Written By Braddon S. Williams
New York Dolls
A pivotal album in the development of both glam and punk rock, New York Dolls (1973), the self titled debut by the outrageous cross dressing rockers from the Big Apple, served as absolute proof that, musically speaking, less could certainly be more.
In an era when musicians were becoming more and more accomplished and songs were growing complex and sometimes interminably long, the New York Dolls distilled rock ‘n roll to the essence of rhythm, attitude, and basics.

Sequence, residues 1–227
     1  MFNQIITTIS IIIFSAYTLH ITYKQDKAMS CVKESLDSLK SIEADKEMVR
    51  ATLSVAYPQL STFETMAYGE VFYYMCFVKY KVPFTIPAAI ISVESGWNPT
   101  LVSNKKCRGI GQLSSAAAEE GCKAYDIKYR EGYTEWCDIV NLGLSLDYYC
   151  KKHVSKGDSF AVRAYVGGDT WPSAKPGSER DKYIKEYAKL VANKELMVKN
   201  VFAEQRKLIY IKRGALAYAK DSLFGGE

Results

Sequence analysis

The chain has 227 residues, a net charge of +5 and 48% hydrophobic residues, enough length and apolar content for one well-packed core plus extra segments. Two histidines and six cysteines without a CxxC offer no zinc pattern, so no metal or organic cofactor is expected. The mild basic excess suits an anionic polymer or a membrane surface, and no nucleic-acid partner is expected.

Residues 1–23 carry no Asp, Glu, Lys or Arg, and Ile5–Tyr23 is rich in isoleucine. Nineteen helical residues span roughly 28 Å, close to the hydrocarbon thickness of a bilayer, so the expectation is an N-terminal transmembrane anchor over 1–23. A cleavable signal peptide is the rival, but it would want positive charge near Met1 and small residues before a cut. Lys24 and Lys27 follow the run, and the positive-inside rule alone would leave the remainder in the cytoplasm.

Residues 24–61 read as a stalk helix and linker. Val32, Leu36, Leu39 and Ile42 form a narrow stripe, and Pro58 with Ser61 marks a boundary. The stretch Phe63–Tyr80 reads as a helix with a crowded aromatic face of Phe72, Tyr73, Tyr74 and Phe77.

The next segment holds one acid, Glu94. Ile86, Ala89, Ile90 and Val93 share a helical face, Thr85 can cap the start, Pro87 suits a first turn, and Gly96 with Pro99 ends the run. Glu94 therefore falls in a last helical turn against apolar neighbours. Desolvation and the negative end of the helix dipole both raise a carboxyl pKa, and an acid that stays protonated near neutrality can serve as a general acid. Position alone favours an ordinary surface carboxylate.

The critics loved them, but the masses didn’t catch on, probably more due to their visual look than their wildly energetic and edgy sonic attack.
With such future classics as Personality Crisis, Trash, Jet Boy, Looking For A Kiss, Pills (a Bo Diddley cover filtered through a sleazy New York sensibility), and Viatnamese Baby, the Dolls influenced so many legendary acts in their wake.
Everyone from Kiss to the Ramones and The Sex Pistols owed a debt to the path that David Johansen, Johnny Thunders, Sylvain Sylvain, Arthur “Killer” Kane, and Jerry Nolan forged as the gloriously decadent New York Dolls.